I’ve just created two screencasts using Jing to capture me reading through a powerpoint with all the Year 9 speaking questions. I’m going to try and use this more often to start building a repository of content that I can use for a Flipped Classroom model (hopefully starting this soon.)
Last year I had my Year 10 students create Storybird books and then use Jing to capture them reading the story aloud. This worked well although the recording hardware was problematic. Fun though!
Here are the two screencasts I’ve just made. What do you think?
Meet Moshi, he’s my newest addition in Year 8 French. As you can see, he’s got an interesting face that some might call cute. This little squishy, furry and cute toy has recently helped me to make some important connections in my teaching.
I don’t think the idea is very new: someone asks a question in French and then throws a toy or ball to the person they want to answer. Only the person with the toy can speak. I have been using this questioning technique with my Year 8 class with success. They have a series of (or just one) questions relating to the current topic, this time it’s morning routines, and instead of the teacher asking all the questions, the students are taking on that role. This is one way the Moshi is being a welcome addition to the class.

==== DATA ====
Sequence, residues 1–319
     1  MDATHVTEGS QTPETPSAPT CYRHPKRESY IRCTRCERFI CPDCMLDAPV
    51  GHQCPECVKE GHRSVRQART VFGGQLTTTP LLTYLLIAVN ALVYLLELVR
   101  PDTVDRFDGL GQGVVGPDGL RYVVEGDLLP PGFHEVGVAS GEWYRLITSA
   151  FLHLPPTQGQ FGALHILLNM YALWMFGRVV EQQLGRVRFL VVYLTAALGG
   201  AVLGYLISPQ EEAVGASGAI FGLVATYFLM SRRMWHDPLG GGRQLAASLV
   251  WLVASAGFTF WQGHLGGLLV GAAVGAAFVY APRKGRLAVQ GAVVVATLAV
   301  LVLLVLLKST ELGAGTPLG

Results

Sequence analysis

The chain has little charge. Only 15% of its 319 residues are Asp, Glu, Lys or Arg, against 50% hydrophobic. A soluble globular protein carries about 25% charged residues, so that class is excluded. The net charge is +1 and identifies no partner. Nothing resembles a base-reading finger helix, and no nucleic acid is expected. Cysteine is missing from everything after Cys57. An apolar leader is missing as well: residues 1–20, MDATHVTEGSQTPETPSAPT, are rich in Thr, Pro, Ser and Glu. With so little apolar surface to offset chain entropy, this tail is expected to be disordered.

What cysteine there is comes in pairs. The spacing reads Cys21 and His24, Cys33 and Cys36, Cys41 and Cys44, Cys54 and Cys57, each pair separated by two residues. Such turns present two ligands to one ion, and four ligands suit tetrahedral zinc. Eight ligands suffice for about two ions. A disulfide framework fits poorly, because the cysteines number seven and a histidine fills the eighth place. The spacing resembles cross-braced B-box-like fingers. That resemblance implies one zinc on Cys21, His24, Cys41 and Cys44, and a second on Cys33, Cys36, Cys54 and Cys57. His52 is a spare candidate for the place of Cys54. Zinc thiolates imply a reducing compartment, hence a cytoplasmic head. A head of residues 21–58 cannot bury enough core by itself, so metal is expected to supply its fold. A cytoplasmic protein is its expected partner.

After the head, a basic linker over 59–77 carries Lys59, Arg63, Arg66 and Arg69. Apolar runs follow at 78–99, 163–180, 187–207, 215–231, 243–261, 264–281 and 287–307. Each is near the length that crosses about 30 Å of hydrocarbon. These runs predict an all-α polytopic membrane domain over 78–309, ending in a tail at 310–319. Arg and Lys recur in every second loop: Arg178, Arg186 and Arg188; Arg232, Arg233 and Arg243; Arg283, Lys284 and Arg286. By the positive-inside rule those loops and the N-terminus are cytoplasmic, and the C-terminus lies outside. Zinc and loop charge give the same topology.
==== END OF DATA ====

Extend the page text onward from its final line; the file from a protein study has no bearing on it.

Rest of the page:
What I didn’t realise was how the students would react to the toy. This has been the best bit. In a middle ability, co-ed class both the boys and girls love him and here is where I’ve made the connection. When they catch the toy and have to do something challenging and out of their normal comfort zone – speak French – they have an interesting reaction. They smile. I think catching the toy, liking it and having a ‘feel good’ moment and then doing the hard bit of speaking French is a great positive reinforcement. Wow!
I’ve decided to talk about this and other things at the Sydney TeachMeet in a micro 2-minute presentation. Looking forward to it! Here is my presentation slide.